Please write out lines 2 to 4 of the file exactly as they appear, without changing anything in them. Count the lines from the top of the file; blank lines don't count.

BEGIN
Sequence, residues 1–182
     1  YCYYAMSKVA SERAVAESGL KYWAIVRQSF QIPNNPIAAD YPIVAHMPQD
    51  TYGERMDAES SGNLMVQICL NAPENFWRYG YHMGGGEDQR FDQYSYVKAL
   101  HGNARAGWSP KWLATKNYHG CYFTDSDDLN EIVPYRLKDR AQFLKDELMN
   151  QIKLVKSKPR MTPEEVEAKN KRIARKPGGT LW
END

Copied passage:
     1  YCYYAMSKVA SERAVAESGL KYWAIVRQSF QIPNNPIAAD YPIVAHMPQD
    51  TYGERMDAES SGNLMVQICL NAPENFWRYG YHMGGGEDQR FDQYSYVKAL
   101  HGNARAGWSP KWLATKNYHG CYFTDSDDLN EIVPYRLKDR AQFLKDELMN